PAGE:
Extra, Extra: insideAESES Newsletter (June 2020)

Monday, June 1st, 2020

This month’s insideAESES newsletter serves as an addendum to the weekly membership emails that have been arriving in your inboxes, courtesy of the AESES Office. Please take a moment to read a message from AESES President Laurie Morris, an article which outlines effective work-from-home practices for our members who find themselves in that situation, and an update on the contract admin cases we’ve been working on. A full list of your Board of Representatives and Executive Council teams, acclaimed for the next 2-year term, is also included.
Click on the following link to access the newsletter: June 2020 insideAESES newsletter

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Updates: AESES COVID-19 Assistance Fund

Wednesday, May 27th, 2020

Earlier this month, the AESES Board of Representatives made the COVID-19 Assistance Fund available to support AESES members who are experiencing significant financial hardship due to the pandemic.

We have received nearly 100 applications to the fund thus far and, as a result, the COVID-19 Assistance Fund Committee has decided to make some adjustments to ensure we can help as many members as possible for as long as possible. These changes include:

  • An exclusive partnership with Safeway/Sobeys through their bulk gift card program which has provided us with savings that have been rolled back into the fund, thereby allowing more money to be available for our members.
  • With the availability of government benefits and plans such as CERB and CESB, we have reduced the amounts available for successful applicants in an effort to ensure we can continue to help as many members as possible.

The Safeway/Sobeys partnership is already in effect and the reduced amounts will take effect for all applications received after this week’s application deadline of noon on Friday, May 29th. Again, these important changes will allow us to support more members and ensure the longevity of the fund as the province looks to reopen over the summer months.

Only those members who are truly in need of this assistance and who meet the selection criteria should apply.

Some things you should know:

  • All AESES members meeting the eligibility criteria are eligible to apply, regardless of whether they are signed members or not
  • Applications received by noon on each Friday will be processed the following week
  • Assistance will be provided in the form of a gift card which will be mailed to you
  • The monetary amount available will be based on the applicant’s family status and qualified dependants
  • Applicants cannot receive benefit funds more than once in a two-week period

If you continue to be in need of assistance, you will need to submit a new application for each two-week period

The Assistance Fund Committee may take extenuating/exceptional circumstances into consideration.

The COVID-19 Assistance Fund application form can be found here.

Questions about the COVID-19 Assistance Fund can be directed via email to

Message #11 to Our Members Re. COVID-19

Friday, May 22nd, 2020

For this week’s update message to our members we are sharing, once again, that we have no new updates from either University with respect to staffing. Our understanding is that the Universities are still awaiting their letters from the Provincial Government detailing the operating grant reductions.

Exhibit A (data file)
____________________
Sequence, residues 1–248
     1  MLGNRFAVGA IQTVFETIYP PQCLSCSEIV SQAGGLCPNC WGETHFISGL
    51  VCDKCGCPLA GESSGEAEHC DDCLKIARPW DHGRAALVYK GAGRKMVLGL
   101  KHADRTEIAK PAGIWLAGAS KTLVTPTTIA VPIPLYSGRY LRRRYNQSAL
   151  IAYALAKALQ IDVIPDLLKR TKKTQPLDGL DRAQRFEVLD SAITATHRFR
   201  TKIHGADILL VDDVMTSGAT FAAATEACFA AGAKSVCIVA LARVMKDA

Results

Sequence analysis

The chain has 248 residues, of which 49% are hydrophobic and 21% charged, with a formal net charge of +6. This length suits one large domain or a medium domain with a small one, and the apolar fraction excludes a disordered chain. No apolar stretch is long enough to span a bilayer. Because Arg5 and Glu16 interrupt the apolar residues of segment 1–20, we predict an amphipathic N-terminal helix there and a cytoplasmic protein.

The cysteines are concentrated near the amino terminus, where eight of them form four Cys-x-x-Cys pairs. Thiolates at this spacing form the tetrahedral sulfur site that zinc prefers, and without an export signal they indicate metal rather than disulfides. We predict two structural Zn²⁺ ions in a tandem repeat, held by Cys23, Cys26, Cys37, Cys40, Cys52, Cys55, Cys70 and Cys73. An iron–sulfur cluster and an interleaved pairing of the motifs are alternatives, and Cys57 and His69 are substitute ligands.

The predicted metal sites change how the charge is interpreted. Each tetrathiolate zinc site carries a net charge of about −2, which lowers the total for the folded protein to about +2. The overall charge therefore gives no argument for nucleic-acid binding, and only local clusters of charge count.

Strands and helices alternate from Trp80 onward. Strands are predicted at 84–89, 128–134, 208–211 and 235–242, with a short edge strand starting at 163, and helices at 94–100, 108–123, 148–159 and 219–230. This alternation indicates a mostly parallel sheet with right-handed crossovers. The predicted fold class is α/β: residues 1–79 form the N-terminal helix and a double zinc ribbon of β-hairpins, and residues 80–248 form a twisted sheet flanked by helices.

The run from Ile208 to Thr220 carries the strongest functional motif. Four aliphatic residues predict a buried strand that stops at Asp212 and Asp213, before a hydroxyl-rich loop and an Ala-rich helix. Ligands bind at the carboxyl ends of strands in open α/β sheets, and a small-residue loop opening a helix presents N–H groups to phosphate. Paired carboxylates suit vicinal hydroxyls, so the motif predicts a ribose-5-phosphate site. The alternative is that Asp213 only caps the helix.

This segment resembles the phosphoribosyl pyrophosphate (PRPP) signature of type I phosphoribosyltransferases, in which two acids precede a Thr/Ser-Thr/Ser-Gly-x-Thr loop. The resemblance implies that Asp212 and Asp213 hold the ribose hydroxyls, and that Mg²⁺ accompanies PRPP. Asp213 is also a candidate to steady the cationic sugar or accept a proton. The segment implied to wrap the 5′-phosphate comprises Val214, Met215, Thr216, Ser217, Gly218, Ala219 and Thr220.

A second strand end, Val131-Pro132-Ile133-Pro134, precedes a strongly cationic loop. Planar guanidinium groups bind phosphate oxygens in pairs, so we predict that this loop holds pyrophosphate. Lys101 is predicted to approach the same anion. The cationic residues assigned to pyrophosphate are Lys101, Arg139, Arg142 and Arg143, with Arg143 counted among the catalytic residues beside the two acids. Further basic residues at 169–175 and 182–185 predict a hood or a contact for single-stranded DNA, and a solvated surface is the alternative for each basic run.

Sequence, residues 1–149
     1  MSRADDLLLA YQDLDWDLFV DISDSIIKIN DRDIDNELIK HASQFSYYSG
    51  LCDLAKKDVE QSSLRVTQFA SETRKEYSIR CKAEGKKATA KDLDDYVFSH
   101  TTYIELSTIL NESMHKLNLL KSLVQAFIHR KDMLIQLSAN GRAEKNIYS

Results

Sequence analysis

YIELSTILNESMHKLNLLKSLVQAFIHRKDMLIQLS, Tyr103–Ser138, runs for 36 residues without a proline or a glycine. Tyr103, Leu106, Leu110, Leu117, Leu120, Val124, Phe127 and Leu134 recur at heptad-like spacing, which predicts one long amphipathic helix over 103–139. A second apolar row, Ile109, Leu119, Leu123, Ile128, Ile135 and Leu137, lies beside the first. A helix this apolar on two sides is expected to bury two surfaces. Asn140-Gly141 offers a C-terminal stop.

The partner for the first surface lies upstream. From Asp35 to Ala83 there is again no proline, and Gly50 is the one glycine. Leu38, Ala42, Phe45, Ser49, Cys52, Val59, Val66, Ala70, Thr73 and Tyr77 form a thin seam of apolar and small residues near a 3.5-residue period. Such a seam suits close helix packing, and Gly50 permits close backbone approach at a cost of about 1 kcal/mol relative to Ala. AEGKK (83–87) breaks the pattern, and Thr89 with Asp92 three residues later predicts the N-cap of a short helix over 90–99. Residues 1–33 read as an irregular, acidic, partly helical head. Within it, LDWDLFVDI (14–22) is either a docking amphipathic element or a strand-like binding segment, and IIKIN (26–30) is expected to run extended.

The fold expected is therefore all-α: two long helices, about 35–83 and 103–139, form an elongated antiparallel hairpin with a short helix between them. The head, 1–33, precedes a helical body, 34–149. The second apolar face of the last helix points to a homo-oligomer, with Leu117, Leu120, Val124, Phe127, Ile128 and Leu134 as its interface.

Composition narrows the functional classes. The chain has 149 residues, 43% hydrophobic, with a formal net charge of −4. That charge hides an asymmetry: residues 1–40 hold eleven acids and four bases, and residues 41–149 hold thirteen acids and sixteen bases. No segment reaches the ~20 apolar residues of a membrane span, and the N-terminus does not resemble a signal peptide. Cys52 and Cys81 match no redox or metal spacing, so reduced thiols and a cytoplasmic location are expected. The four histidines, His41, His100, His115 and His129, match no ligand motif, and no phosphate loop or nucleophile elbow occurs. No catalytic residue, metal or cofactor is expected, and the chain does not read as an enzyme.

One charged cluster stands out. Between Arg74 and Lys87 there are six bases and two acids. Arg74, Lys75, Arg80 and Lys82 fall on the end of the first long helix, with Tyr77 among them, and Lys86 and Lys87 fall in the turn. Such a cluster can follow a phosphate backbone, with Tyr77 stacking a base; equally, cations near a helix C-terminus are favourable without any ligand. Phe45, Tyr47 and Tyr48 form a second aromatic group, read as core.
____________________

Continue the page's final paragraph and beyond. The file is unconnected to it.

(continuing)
While the Universities can’t be faulted for the Government’s delay, it is nonetheless disappointing that information is not forthcoming that would ease the rising concerns AESES members are feeling from facing the unknown. This is particularly heightened given that the UM has proceeded with temporary layoffs for over 110 AESES positions thus far.

At AESES, we’ve been reflecting more on the last notices that President Barnard at the UM and President Trimbee at the UW sent to their employees. While both advised employees of the announced reductions to the operating grants, the UW went on to say that “To avoid further layoffs, our focus is on non-salary reductions.” While this doesn’t guarantee that at the UW we won’t see any temporary layoffs, it doesn’t appear to be a main consideration at this time.

In a disappointing contrast, the UM indicated that in order to address the additional pressures placed on their budget, “Some of the tools we are considering include:

  • reducing discretionary spending,
  • hiring deferrals,
  • voluntary workweek reductions and
  • layoffs.

This is from a University that saw $127 million in net revenue from operating activities for the 2018-2019 fiscal year (source: University of Manitoba Annual Financial Report 2019). The $17.3 million shortfall in the Provincial operating grant can easily be absorbed by this or by the substantial reserves that exist at the end of each operating year over the past 10 years. Hundreds of millions of dollars are held in reserves currently for capital investment or internally restricted uses. Although renewal is important, it is shocking that more value has been placed on bricks and mortar than hard-working staff delivering high quality programs.

In the current environment of online learning, we are clearly seeing that the University is formed by the students and staff, not the physical spaces that the leaders believe is more critical. Perhaps investing in the people who allowed the University to continue delivering the services to students during a pandemic might supersede the construction of new buildings or major improvements to the physical infrastructure of the University. This is about choices. Failure to support staffing will only result in a drop in standards and will tarnish the desired image of the institution as it loses credibility for years to come.